Classical (Respondent) conditioning


Learning is a relatively permanent change in behaviour that occurs as a result of practice and experience.

If we could understand principles of Learning, we would have a better idea of how to change a behaviour when we want to change it.

Behaviour modification involves assessing and modifying the current environmental events that are related to the behaviour.

Classical (Respondent) conditioning:-

Classical conditioning is learning through association. It was discovered by a Russian physiologist, Ivan P. Pavlov. In this experiment, two stimuli were linked together to produce a new learned response.

When Food (unconditioned stimulus) was given to a dog, Salivation (unconditioned response) occurred. But a ringing Bell (neutral stimulus) didn’t produce any Saliva (no response).

Then, he paired Bell with Food (unconditioned stimulus) & salivation (unconditioned response) occurred. After repeating it again & again, Bell became conditioned stimulus for dog which produced Saliva (conditioned response) on ringing the Bell.

In this way, two stimuli were linked together to produce a new learned response.

⭐⭐Note: Stronger the pairing of conditioned stimulus & unconditioned stimulus, there are more chances that conditioned response will follow conditioned stimulus.

Example of classical conditioning:-

School phobia is a classical example of classical conditioning.

Going to school is usually exciting for kids as they can have fun with their friends along with studies. But if a kid gets punishment in the school, he/she may develop anxiety/fear.

If the punishment is repeated multiple times, it may result in School phobia.

Significance of classical conditioning:-

Sometimes, emotional responses become conditioned to certain stimuli (conditioned stimuli).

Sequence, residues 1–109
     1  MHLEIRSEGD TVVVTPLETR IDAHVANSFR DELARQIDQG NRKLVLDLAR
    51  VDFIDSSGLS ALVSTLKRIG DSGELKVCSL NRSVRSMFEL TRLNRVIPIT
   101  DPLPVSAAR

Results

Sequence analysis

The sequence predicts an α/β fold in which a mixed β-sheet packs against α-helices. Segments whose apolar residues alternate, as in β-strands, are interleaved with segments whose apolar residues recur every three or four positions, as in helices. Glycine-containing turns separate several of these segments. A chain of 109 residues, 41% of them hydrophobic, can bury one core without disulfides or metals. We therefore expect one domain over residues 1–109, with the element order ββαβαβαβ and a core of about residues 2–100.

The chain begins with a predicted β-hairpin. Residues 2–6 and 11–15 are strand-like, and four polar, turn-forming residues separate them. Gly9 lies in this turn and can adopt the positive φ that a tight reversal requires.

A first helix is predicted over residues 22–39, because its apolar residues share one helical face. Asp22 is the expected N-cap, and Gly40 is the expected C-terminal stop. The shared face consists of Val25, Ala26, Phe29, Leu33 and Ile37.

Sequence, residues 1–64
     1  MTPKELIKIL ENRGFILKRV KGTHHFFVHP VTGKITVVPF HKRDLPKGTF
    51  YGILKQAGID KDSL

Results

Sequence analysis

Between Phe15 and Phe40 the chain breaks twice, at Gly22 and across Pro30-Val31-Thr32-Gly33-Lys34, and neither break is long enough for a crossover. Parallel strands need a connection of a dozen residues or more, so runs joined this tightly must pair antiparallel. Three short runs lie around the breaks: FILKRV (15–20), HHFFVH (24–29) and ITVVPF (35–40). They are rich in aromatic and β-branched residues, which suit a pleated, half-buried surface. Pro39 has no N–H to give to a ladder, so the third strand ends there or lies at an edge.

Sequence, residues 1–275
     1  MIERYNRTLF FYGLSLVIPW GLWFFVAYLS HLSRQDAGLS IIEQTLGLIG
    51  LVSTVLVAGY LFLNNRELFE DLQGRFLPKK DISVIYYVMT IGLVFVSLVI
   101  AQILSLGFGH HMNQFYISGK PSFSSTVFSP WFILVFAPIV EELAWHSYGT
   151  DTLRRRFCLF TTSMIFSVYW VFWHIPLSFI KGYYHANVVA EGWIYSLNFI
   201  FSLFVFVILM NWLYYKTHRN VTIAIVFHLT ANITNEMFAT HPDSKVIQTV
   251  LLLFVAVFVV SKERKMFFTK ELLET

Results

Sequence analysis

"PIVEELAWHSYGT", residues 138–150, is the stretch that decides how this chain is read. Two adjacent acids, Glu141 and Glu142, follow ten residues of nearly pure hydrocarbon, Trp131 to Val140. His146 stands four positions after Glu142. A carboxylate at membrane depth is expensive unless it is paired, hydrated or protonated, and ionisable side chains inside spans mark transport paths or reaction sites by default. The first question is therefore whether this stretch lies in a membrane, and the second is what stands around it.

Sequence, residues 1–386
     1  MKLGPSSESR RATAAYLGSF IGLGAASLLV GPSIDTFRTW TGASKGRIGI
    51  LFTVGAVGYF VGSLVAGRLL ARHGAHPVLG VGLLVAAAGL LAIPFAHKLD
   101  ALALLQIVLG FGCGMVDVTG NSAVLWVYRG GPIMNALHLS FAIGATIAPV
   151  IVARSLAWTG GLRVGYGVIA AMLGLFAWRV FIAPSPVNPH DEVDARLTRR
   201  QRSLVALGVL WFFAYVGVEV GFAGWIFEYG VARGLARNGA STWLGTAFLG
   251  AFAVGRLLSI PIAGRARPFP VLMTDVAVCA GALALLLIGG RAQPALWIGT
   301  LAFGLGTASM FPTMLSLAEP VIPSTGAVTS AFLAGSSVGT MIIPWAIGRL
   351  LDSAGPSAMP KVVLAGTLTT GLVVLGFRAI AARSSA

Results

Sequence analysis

For example: Aggressive reaction to a scene, face or voice.

We can change the behaviour of the person by unpairing conditioned stimulus and unconditioned stimulus. Two techniques are shown here:

1. Extinction:

In this technique, the conditioned stimulus is presented alone without the unconditioned stimulus for a number of trials.

It can be done in two ways:-
1) Gradual:- fear is gradually removed by slowly approaching water.
2) Non-Gradual:- Carry the child into water until the fear extinguishes.

Other examples where extinction can help:
•Making a presentation before a class.
•Stage fear.

⭐⭐Note: Extinction doesn’t completely erase conditioning. Reconditioning is usually more rapid than was the original conditioning and is known as “Spontaneous Recovery”. For example: Reading a news of Death due to Drowning may elicit phobia of water once again.

2. Counter Conditioning:

Conditioning of an unwanted behaviour (or response) to a stimulus into a wanted behaviour (or response) by the association of positive actions (incompatible response) with the stimulus. 

If sight of a Spider (unconditioned stimulus) produces excessive Anxiety (unconditioned response), counter Conditioning can be done by adding some Relaxation Techniques just after seeing Spider. So, a conditioned response i.e. Less or No Anxiety is seen.

⭐⭐Note: It is important that incompatible response should be dominant to undesired response. So, use gradual approach.

In the above example, Relaxation is dominant to ‘spider written on paper’.So, conditioned response (No Anxiety) is possible. When Step 1 is complete, only then we can move to 2nd step & so on.

Types of Counter Conditioning:

1. Desensitisation: It is performed for removing anxiety and anger (e.g. OCD).

2. Aversive Counter Conditioning: It is performed when undesired response is rewarding e.g. Alcohol & other Drug Addiction; Over-eating etc.

In this, undesired stimulus is followed by a painful stimulus.

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